8. Box jumps: These work the legs, including the quadriceps, hamstrings, and glutes. Get a sturdy box that can support your weight. Stand in front of the box with your feet shoulder-width apart and your arms at your sides. Bend your knees slightly and swing your arms back, preparing to jump. Explosively push off the ground with your feet, using your arms to help propel you upward. Land on top of the box with both feet, making sure to land softly and absorb the impact through your legs. Step down from the box and reset your position before attempting another jump.
  9. Jumping Jacks: These work the legs, arms, and cardiovascular system. Stand with your feet together and your arms at your sides. In one motion, jump up and spread your legs out to the sides while raising your arms above your head. Land with your feet shoulder-width apart and your arms above your head. Jump back to the starting position, bringing your feet back together and your arms back to your sides.
  10. Dips: These work the triceps and chest. To perform a dip without parallel bars or a dip station you can use two stable chairs.

    To perform dips using chairs, you will need two sturdy chairs of similar height. Place the chairs parallel to each other, with about a foot or so of space between them. Place some weight on the chairs for safety such as cases if water, heavy books, etc.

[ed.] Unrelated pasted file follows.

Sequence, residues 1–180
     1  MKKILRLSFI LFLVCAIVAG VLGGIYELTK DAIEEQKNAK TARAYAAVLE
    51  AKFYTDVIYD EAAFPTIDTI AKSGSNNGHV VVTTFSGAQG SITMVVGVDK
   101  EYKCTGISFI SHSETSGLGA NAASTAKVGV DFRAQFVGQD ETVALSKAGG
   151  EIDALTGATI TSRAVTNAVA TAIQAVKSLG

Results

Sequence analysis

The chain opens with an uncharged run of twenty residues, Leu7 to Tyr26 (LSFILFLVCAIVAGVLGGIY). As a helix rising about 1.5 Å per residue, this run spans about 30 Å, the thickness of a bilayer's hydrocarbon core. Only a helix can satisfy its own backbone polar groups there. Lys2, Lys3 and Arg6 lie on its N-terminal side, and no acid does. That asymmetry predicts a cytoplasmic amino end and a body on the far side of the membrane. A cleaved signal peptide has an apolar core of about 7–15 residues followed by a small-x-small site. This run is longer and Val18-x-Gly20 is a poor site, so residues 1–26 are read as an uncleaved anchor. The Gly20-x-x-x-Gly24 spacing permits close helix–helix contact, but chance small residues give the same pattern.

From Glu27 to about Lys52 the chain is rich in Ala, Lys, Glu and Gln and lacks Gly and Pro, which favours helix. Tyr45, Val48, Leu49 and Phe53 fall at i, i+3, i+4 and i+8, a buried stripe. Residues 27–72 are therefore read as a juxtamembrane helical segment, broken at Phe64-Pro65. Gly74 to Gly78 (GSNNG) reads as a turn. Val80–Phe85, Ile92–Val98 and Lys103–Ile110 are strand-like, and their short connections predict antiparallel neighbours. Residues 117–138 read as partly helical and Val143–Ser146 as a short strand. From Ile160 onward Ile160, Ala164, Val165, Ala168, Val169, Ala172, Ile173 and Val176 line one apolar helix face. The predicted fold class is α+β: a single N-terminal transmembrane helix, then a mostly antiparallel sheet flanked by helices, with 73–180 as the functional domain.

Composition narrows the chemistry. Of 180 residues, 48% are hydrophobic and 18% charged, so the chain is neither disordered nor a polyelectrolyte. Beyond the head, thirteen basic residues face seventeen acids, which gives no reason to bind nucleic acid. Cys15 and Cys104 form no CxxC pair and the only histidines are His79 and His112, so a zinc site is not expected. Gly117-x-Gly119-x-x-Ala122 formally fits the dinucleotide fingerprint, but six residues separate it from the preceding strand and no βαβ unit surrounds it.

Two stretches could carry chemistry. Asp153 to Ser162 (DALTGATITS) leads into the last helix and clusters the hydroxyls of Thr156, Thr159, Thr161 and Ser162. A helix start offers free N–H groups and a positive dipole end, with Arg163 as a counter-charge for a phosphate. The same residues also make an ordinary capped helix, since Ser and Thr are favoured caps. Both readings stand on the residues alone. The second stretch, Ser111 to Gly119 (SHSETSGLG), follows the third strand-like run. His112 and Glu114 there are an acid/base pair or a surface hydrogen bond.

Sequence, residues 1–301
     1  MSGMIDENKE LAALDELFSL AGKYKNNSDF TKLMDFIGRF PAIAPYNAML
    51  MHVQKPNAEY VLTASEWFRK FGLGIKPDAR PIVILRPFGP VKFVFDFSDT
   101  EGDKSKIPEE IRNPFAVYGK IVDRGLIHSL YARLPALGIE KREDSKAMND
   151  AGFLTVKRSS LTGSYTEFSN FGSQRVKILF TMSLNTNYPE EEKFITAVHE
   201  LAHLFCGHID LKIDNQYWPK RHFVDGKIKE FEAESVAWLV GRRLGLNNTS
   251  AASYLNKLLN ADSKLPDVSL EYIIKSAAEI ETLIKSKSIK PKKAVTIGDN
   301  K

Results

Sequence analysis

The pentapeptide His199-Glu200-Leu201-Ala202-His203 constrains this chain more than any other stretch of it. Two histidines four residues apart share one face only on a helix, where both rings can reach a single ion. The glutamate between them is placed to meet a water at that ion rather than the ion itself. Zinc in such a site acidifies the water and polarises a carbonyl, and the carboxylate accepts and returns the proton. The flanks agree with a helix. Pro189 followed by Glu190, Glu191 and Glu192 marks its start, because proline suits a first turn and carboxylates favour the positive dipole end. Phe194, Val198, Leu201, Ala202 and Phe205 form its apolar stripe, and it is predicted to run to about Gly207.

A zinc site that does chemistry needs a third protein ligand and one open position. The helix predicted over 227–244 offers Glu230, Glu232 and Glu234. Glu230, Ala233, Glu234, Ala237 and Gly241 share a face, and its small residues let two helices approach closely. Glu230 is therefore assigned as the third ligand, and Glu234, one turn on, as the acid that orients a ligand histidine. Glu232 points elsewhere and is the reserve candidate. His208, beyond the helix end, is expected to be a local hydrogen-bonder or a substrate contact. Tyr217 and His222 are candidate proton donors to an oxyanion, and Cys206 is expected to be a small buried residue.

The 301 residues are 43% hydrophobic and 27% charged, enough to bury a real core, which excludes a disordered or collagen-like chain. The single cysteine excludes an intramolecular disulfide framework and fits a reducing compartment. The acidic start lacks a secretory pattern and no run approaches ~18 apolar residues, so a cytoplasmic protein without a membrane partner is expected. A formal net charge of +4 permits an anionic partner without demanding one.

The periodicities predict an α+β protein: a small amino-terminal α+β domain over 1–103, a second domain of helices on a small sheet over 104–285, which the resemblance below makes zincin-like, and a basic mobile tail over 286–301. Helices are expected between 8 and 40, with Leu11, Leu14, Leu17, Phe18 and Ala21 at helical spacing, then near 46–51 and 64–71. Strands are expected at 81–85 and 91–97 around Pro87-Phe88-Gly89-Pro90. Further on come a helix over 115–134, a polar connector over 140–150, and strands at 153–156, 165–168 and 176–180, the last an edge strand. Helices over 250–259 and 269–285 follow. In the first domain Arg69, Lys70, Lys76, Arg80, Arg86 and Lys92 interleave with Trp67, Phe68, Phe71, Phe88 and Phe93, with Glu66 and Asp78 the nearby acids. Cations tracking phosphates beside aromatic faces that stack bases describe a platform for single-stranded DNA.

Stand facing the chairs and place your hands on the seats of the chairs, with your fingers facing forward. Keep your feet flat on the ground, slightly wider than shoulder-width apart.

    Bend your elbows and lower your body down towards the ground, keeping your elbows close to your sides as you do so. Stop when your upper arms are parallel to the ground, and then push yourself back up to the starting position.

    Make sure to keep your shoulders relaxed and avoid hunching your shoulders forward as you perform the exercise. You can also try varying the width of your grip to target different muscle groups. To make the exercise easier, you can place your feet on a raised surface, such as a step or a bench. To make it more challenging, you can place weights on your lap or try using one hand at a time.

    These are just a few examples of calisthenics exercises. There are many more that you can do to challenge your body and improve your strength, flexibility, and endurance. It’s important to start slowly and progress gradually to avoid injury. It’s also a good idea to consult with a healthcare professional or a certified fitness instructor before starting any new exercise program.

Disclaimer: Always consult your doctor before trying anything mentioned in this article. All information in this email is intended for educational use only and is not a substitute for professional medical advice, diagnosis, or treatment. Perform exercises at your own risk. Fit Dads Fitness is not responsible for the accuracy, completeness, suitability, or validity of any information in this article.